During the 2020-2021 academic year, at least 409 students worked in SMIVFs including 287 MBA students, 68 other graduate students, and 54 undergraduates.
Since graduating in 2021, Dalal now serves as an alumni advisor to the collaborative, working closely with its current co-chairs: Raabia Budhwani, MBA ‘23 at Chicago Booth, and Anny Dow, MBA ‘22 at Stanford GSB.
RISE OF IMPACT INVESTING
As an undergrad, social impact was hardly in the public lexicon and definitely not a hot topic around the halls of business schools, Budhwani tells Poets&Quants. But interest in impact investing is now exploding, both the private sector and within business schools.
Early in 2021, Budhwani was part of a small team of students launching Chicago Booth‘s Steven Tarrson Impact Investment Fund, and they joined the new collaborative to help guide them through the process.
“Personally, I was very interested in building a community of students interested in this emergent sector,” she says. “The Impact Fund Collaborative is important because it enables knowledge sharing and relationship building among these future leaders of the field. Members graduate from their programs with a wide-ranging network of friends, advisors, and partners who’ve been similarly trained in impact finance, ready to collaborate to reshape finance and capitalism to be more world positive.”
This summer, the collaborative released its first report on the landscape of impact investing. It found that funds in the Global Impact Investing Network ballooned to $715 billion in 2019 and, more broadly, some $31 trillion of 2018 investments targeted environmental, social, and governance concerns.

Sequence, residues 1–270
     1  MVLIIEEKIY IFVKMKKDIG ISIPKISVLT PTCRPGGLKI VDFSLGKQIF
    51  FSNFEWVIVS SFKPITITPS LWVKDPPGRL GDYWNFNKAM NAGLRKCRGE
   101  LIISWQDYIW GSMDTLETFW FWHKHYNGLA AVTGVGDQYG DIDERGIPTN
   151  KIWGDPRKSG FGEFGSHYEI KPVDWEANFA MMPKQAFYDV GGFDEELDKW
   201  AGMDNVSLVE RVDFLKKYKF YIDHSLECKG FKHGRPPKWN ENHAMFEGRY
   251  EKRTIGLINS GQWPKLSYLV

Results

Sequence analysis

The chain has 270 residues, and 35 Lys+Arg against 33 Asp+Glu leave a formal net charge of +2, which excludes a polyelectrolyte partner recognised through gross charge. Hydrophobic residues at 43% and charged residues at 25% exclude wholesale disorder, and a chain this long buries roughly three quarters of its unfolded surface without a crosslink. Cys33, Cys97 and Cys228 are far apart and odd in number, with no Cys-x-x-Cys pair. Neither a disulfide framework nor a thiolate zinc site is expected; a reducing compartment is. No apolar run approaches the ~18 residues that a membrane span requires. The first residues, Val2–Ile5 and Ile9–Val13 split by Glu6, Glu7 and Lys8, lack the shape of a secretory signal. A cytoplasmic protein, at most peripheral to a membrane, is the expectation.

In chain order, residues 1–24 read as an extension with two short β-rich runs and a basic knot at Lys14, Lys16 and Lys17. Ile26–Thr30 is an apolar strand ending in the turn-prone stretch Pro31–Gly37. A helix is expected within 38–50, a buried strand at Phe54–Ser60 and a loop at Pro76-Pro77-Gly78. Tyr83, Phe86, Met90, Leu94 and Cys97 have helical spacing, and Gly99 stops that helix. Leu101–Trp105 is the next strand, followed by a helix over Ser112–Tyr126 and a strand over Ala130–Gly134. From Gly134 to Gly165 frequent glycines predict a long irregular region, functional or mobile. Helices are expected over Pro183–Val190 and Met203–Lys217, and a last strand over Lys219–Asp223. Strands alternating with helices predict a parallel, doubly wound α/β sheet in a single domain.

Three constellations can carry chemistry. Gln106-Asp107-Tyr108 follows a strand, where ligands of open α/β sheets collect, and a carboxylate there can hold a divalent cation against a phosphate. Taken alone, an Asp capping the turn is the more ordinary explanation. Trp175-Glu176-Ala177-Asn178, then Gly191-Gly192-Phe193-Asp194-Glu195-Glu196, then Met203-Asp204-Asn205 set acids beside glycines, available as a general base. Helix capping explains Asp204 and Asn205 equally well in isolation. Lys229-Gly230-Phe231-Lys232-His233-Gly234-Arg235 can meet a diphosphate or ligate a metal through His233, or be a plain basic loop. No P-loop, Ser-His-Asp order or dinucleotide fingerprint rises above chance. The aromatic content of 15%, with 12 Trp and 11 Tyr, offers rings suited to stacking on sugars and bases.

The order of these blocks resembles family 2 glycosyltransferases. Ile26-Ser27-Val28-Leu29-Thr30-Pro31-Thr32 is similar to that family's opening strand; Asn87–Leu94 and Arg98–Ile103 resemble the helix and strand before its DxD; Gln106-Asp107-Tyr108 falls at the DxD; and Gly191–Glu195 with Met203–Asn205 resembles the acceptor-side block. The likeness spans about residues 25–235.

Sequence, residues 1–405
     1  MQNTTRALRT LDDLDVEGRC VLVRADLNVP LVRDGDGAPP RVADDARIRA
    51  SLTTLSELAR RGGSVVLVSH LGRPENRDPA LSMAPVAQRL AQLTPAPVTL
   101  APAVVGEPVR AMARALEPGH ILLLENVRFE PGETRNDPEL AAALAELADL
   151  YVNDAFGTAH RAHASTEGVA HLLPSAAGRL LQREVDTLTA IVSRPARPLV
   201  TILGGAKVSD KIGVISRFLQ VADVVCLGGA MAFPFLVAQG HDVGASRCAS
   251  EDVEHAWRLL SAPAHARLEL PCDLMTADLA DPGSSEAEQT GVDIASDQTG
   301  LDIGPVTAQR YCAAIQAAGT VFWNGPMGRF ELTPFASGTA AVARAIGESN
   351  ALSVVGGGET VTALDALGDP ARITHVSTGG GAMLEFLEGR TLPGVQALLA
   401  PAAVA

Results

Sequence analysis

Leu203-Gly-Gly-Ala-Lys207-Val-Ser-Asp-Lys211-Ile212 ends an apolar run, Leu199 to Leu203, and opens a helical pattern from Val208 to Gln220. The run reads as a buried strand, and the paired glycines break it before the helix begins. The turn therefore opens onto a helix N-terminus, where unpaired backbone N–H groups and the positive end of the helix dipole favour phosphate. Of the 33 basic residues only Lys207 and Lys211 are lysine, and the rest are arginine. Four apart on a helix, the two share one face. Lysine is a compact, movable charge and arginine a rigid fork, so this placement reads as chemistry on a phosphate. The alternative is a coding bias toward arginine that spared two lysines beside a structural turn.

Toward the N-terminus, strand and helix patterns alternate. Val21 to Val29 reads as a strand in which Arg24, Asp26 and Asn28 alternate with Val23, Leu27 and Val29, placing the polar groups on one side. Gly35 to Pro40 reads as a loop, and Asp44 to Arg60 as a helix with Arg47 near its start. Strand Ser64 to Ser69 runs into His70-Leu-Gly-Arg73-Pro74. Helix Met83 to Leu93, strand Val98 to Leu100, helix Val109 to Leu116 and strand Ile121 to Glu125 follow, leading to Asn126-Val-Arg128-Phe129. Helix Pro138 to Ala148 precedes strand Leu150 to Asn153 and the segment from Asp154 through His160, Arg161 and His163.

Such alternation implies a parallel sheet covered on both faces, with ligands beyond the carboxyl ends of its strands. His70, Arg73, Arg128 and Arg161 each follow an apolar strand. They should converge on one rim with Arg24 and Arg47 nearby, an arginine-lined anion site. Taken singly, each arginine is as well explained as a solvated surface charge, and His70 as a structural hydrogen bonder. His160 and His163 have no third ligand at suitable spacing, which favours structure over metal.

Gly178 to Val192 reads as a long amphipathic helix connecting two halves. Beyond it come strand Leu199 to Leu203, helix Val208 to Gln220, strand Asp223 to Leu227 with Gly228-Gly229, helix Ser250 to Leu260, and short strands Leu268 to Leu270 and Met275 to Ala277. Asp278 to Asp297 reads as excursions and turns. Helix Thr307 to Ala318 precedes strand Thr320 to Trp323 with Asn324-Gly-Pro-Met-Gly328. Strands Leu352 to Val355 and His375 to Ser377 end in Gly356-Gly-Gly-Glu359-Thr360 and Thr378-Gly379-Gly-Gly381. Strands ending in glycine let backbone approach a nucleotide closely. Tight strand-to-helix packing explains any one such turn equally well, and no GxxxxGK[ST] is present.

IMPACT FUNDS AT BUSINESS SCHOOLS
The report also attempted to describe, for the first time, the full landscape of SMIVFs, a topic that has scant published research. It identified 18 different funds operating various business schools, almost doubling in number over the last two years.
Four students at Michigan’s Ross School of Business pioneered the SMIVF model in 2009 by creating the Michigan University’s Social Venture Fund–a response to the 2008 financial crisis and the obvious shortcomings of a “profit-only” mission of business. It was the first such impact fund on a university campus. Over the next decade, other business schools created their own funds including Stanford GSB, Dartmouth Tuck, Northeastern, IESE, NYU, UCLA Anderson, Miami Farmer, UPenn Wharton, and PSU, according to the report.
“I think it is part of a broader movement in society, and I frankly think a lot of it was accelerated by what has happened in the last couple of years.
“Not just the pandemic, but Back Lives Matter in the United States, and the worsening climate crisis. It has forced people to reckon for the first time with the fact that our actions impact the world around us,” Dalal says. “When you’re spending so much of your life and so much of your time and so much of your mental bandwidth on work, your work should hopefully be helping push the world in the direction that you want it to go.”